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Food for thought:

WILL THE PANDEMIC TEACH SOUTH AFRICANS THE BASIC LAWS OF BUSINESS?

It is amazing how a crisis focusses the mind on issues past and present. Covid-19 has brought into perspective some of the most fundamental truths and, hopefully, appreciation of the essential and basic objectives of a business enterprise:  

·         To make profits.

·         To safeguard some of the profits to create reserves.

I have heard many comments on business and profits, ranging from the basic “the reason managers have briefcases is for taking money home”, to sublime statements by Government officials that “businessmen are more interested in profits than the lives of people”.

A popular theme followed by many trade union members is that the annual profit of a company should be divided equally among all the employees. Arguments regarding the profits being kept in reserve for future Capital Expenditure for expansion, equipment breakdowns, or funding wages during unforeseen crises such as pandemic lockdowns, fall on deaf ears. Counter-arguments, asking that if profits were indeed to be shared among the labour force annually, would the workers then dig into their windfall earnings to contribute to deal with the above-mentioned crises conditions? This kind of question falls on even deafer ears.

 Money, Capital, retained earnings, business strategy and know-how do not grow on trees, and must be earned to sustain profitable and growing businesses. Businesses that make profit and employ workers and - most importantly - pay tax to keep the fiscus ticking over.

The fiscus is a Latin term which means “the basket” or “moneybag.” In Roman law, “fiscus” meant the emperor's treasury. Later, the term also included treasury of the state. This is the very same fiscus that pays millions of social grants, child allowances and pensions. Oh, and I almost forgot, the very same basket or moneybag that our Government has plundered through greed and corruption over the past 20 years

Maybe, just maybe, during this period of lockdown and introspection, when our thoughts stay on concerns such as “how do we sustain and maintain our companies, how do we pay our staff and workers, how do I pay my rent or mortgage, and how do I keep my family fed” South Africans may see the light. Maybe, after this pandemic is over -  and it will be in time - we will appreciate our jobs, our companies and the benefits that we derive from them.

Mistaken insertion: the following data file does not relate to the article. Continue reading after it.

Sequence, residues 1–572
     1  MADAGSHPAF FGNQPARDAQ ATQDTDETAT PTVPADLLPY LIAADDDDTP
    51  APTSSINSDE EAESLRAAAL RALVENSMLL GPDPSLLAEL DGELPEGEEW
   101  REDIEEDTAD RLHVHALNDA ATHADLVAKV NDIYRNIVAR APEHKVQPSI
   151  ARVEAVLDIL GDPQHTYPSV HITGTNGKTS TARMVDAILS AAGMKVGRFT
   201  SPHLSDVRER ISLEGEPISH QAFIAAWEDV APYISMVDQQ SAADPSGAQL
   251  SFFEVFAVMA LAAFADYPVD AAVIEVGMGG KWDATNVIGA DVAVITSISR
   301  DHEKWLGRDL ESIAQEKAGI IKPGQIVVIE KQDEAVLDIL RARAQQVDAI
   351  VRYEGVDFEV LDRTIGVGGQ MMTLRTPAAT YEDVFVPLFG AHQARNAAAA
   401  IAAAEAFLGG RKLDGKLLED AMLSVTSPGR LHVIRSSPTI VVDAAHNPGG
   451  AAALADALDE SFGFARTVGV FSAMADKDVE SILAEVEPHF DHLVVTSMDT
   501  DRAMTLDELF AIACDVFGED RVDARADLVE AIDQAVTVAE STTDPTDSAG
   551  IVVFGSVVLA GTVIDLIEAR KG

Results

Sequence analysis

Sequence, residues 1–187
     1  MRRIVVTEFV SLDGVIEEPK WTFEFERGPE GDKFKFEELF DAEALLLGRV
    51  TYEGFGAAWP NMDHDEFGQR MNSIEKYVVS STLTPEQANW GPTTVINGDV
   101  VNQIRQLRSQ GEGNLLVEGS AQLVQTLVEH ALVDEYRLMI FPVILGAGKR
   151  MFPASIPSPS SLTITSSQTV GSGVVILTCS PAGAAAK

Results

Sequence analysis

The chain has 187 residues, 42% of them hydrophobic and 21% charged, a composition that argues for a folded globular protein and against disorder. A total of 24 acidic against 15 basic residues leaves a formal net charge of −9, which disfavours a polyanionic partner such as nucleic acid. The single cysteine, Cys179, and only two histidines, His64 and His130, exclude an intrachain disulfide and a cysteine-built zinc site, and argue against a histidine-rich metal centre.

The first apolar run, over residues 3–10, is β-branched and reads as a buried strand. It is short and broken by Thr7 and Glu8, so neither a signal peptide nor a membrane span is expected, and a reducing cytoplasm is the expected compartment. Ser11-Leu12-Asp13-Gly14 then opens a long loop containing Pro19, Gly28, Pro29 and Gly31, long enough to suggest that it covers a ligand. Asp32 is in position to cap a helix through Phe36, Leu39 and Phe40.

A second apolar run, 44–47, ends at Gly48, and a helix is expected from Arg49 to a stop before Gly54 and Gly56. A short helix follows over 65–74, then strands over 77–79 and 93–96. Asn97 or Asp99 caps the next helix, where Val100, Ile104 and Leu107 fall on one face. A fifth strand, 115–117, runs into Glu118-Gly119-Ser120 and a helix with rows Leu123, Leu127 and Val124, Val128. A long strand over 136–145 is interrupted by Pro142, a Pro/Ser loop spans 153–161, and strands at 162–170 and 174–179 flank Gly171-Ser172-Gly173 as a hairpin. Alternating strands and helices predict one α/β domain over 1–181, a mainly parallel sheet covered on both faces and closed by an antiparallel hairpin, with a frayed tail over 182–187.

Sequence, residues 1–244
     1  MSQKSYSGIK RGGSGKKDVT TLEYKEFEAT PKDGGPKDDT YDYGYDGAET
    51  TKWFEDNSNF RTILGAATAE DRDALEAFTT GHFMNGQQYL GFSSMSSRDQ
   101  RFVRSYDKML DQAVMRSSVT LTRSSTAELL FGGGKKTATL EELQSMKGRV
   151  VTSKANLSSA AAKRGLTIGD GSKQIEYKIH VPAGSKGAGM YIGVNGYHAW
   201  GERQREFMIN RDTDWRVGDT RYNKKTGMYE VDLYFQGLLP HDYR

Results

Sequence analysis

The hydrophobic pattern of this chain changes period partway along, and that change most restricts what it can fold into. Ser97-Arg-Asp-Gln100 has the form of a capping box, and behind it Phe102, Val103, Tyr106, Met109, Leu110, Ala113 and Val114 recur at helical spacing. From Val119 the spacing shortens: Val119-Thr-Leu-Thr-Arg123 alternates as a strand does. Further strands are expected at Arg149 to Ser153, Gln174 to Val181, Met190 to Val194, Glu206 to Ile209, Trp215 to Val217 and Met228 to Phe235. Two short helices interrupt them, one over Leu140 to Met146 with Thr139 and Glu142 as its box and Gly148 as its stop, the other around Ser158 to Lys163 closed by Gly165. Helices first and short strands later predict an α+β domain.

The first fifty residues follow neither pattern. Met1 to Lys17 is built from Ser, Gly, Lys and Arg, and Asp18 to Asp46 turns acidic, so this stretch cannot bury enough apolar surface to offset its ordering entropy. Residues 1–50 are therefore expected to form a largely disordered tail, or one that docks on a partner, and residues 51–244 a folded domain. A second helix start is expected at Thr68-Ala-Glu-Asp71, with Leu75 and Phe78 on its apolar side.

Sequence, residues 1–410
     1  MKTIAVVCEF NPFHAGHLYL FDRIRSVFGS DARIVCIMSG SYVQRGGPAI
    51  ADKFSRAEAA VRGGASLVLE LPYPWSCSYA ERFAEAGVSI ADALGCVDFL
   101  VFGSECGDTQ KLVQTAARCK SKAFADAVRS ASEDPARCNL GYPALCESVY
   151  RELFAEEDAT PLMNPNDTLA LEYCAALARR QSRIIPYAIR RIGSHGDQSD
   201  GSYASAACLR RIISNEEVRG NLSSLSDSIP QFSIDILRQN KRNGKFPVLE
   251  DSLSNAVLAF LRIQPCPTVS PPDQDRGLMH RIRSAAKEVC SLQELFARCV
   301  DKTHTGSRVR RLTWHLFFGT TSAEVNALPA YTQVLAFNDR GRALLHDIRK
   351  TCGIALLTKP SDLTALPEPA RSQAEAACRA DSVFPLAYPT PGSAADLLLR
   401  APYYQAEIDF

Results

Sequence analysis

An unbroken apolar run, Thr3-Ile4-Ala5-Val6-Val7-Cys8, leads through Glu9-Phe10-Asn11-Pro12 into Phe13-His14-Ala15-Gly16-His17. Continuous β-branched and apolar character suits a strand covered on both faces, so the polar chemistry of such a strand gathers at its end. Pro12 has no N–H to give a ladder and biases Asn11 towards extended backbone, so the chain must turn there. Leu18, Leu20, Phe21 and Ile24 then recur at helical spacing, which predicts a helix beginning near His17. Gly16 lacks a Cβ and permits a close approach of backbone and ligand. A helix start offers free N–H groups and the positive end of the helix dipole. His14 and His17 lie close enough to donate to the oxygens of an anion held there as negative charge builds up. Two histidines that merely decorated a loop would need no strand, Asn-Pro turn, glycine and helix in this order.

Maybe also, trade unions will remember the rationale for their existence: “not to function as labour market monopolies, nor raise wages above competitive levels set by the market, nor create inefficiencies resulting in the loss of jobs and greater income inequality in the workforce”.

And maybe, with lessons duly learnt, we can all then rekindle the tried and tested principles that make countries and people successful and great: integrity, honesty and the feeling of contentment that comes from a hard day’s work and enjoyment of the fruits that follow.

It makes you think… doesn’t it?

DERYCK SPENCE

Executive Director, SAPMA

14 Aug 2018

Water-based paints. Here is a comprehensive guide to the best and safest way of cleaning up after using either

  • ACRYLIC WATER BASED PAINT
  • ENAMEL (SOLVENT BASED) PAINT
  • CAUTION
  • PLANNING AHEAD
  • TIPS FOR DEALING WITH SPILLS
  • TIPS FOR MOVING FROM ONE WORK SITE OT ANOTHER

Easy to Use Cleaning System

This system is based on the use of 2 containers in which brushes, roller sleeves and other equipment are first washed then rinsed. By rotating the containers the solids in the paints are separated from the liquid making it easier to dispose of each component. This system will work well for both water based and solvent based (alkyd or oil) paints. For solvent based paints use mineral turpentine or another paint solvent recommended by your local paint stockist.

 Water-based paints

1. At the end of each job, wipe or squeeze excess paint onto an absorb ant material such as old rags, shredded newspapers or cardboard boxes.

2. Allow to the paper (etc.) to dry and dispose of it with your household waste.

3. Wash brushes and rollers etc. in a 20 litre or similar sized container (bucket)

4. Transfer the washed items to another similar container filled with water for a second rinse

5. Place lids on the containers (or cover in some other secure manner) and let stand overnight. (See storage of paints)

6. By morning the paint solids in the first container will have settled to the bottom of the container. The clear water from this container may now be poured onto the garden or any grassed or open area where it can be absorbed into the ground. Avoid areas near rivers and lakes

7. Now to dispose of the residue paint solids at the bottom of the first container. Scrape out the bottom of the container onto absorbent material such as old rags, shredded newspapers or cardboard boxes. Allow to dry then place in a plastic bag and dispose of with the household waste or take directly to the nearest council landfill.